Oct 26, 2017
441
This seems pretty easy to test honestly.


Pick up a dozen phones, talk about a subject for a while, after purposefully picking a topic that isn't in anybody's history, see if everyone gets relevant ads.
It's not that easy to test... the information isn't based on just you, but the people/location around you, more specifically who you interact with.
Think of it this way, your friend (A) went to go watch a movie, and enjoyed the movie. You've never heard/seen/or even looked up the movie EVER. So you and (A) go meet up for dinner, (A) may or may not mention the movie, but for the sake of this example, lets assume (A) mentioned the movie in the conversation. The predictive AI notices that you tend to watch the same movies after shortly meeting with (A), the AI may start target ad you trailers for that movie (which have never come up before this day).
 

JetSetSoul

Member
Oct 28, 2017
948
I’ve been talking to my phone about how much I want soap for a few minutes. Now that I’m typing it I may get ads. I’d sure like to buy some soap. Either I get ads or am a crazy person, lose lose.
 

supernormal

The Fallen
Oct 28, 2017
696
It doesn't, because the size it's sending doesn't matter. Let's say it somehow only sends 0.01 KB of data back to the server and discards all the rest. It still needs to send that data. And any request, no matter what the size, would instantly appear if anyone was monitoring any network traffic on their phones. Which I assure you, millions of people are doing. If your phone was sending data based on listening to you, someone would've discovered it. Unless you think there's a massive conspiracy between every large tech and ad company, and they've somehow sworn all current and former employees to ever speaking out about it. Something this big would've gotten out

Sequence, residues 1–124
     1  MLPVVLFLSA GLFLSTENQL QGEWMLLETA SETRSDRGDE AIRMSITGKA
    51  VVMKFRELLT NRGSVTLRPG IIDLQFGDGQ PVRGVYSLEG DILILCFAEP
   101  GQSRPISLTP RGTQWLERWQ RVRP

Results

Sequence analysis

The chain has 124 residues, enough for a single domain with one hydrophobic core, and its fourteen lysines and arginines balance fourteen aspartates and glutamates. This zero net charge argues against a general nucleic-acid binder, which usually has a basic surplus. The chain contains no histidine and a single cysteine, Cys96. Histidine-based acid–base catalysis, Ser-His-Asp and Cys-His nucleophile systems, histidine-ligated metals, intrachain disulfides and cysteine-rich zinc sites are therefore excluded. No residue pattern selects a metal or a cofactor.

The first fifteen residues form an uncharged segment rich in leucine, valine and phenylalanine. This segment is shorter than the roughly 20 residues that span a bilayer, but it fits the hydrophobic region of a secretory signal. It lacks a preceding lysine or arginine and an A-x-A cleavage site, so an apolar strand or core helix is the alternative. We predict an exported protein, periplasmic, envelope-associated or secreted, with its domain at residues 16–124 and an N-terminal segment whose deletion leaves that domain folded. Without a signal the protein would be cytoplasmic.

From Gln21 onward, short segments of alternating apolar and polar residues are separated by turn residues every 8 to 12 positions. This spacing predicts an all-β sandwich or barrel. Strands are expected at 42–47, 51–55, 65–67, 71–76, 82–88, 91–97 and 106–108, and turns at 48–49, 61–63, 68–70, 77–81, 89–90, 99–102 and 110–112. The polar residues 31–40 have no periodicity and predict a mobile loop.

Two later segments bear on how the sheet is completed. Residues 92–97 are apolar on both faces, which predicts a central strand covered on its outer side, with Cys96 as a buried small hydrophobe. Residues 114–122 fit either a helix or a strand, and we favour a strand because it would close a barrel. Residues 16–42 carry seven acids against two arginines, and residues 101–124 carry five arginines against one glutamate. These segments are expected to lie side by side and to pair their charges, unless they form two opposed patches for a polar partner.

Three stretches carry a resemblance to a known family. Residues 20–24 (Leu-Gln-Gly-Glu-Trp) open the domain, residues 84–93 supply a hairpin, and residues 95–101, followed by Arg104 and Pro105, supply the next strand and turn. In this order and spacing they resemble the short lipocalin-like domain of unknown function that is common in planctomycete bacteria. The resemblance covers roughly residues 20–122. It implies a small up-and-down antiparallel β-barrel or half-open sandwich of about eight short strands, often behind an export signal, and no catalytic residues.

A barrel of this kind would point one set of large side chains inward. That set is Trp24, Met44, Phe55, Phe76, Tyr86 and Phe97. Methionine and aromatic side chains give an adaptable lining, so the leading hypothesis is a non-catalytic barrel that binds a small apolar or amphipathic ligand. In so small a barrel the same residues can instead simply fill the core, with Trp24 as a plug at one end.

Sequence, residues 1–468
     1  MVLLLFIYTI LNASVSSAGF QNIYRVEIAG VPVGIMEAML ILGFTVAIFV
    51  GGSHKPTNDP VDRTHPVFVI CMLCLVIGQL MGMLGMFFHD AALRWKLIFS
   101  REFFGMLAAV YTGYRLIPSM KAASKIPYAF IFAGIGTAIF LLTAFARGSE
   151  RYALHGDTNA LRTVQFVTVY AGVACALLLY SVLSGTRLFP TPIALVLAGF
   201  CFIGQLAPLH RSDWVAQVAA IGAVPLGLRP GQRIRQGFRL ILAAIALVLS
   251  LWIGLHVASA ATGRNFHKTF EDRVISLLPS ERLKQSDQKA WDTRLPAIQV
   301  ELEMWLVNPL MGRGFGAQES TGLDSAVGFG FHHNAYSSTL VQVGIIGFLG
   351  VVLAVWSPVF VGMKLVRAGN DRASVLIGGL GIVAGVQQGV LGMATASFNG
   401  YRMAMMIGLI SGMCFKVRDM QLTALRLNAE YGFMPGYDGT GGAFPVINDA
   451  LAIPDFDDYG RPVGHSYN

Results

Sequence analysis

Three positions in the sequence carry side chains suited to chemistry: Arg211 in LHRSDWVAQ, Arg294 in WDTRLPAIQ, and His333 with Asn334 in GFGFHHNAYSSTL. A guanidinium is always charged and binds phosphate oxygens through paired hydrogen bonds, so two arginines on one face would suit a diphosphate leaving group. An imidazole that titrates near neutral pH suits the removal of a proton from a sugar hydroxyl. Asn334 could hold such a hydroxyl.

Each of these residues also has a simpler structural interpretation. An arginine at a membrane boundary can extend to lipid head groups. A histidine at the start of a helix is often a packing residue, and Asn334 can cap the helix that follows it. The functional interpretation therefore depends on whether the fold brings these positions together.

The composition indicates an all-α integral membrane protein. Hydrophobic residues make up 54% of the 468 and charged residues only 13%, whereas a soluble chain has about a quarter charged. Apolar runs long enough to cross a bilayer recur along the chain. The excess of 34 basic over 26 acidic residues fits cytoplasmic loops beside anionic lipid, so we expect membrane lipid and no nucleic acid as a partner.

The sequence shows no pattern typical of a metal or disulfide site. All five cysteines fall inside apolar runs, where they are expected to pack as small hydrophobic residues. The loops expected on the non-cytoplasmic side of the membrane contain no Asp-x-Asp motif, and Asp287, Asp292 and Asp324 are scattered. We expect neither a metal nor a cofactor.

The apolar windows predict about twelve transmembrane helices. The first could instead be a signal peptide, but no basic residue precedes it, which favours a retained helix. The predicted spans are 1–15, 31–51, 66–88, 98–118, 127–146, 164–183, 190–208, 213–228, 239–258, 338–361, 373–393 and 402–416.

The funny part about this is that you think the people denying this are doing it out of some sense of privacy and security, when they're telling you the reality is much worse. Fuck, I wish my phone was just listening to me. That's a relatively easy problem to understand and fix. The reality is that these companies have tracked every bit of activity you and everyone around you has ever done on the internet, and used that information to make a scarily advanced accurate profile of who you are as a person, what you're interested in, and what you might be interested in, even based on people you've come into contact with. And they use that data to send ads to you. Personally, that sounds far worse than just having my phone listen to me
Exactly. Like putting tape over a webcam. The reality is much worse because as mentioned in some post before ads come up to stuff that you've never even said out loud but actively thought about. The algorithm picks up on behaviors that it links to these interest or that links you to certain demographics these companies are interested in advertising to. If it were just listening to stuff, you would probably be getting less effective targeted ads.
 

LL_Decitrig

Member
Oct 27, 2017
9,835
Sunderland
The funny part about this is that you think the people denying this are doing it out of some sense of privacy and security, when they're telling you the reality is much worse.
Emphasis added to the final phrase. If there's one take home I think everybody reading this should get, it's this. They don't need to listen to you, you're already blabbing and being affected by ads and by your friends who are doing the same thing. Humans are far more predictable tabbouleh they think they are, and that's part of how those mind reader acts work. The internet is a mentalist performance that lasts your entire life
 

404Ender

Member
Oct 25, 2017
199
If companies were listening to your conversations, you'd be having these creepy coincidences multiple times per day not like once in a blue moon.

I initially thought this but I've had too many moments where it made no sense.

I was in a car, our roomates were talking about renting hot tub boats for the lake. I had never heard of them before. I have never googled them before or after. It was solely a conversation in our car.

A day or 2 later I get an ad for them on instagram. Bruh.

I understand how datamining, cookies, search history etc can be used for ads but this was spooky.
Your roommates probably Googled "hot tub boats" (or maybe even ended up renting one one).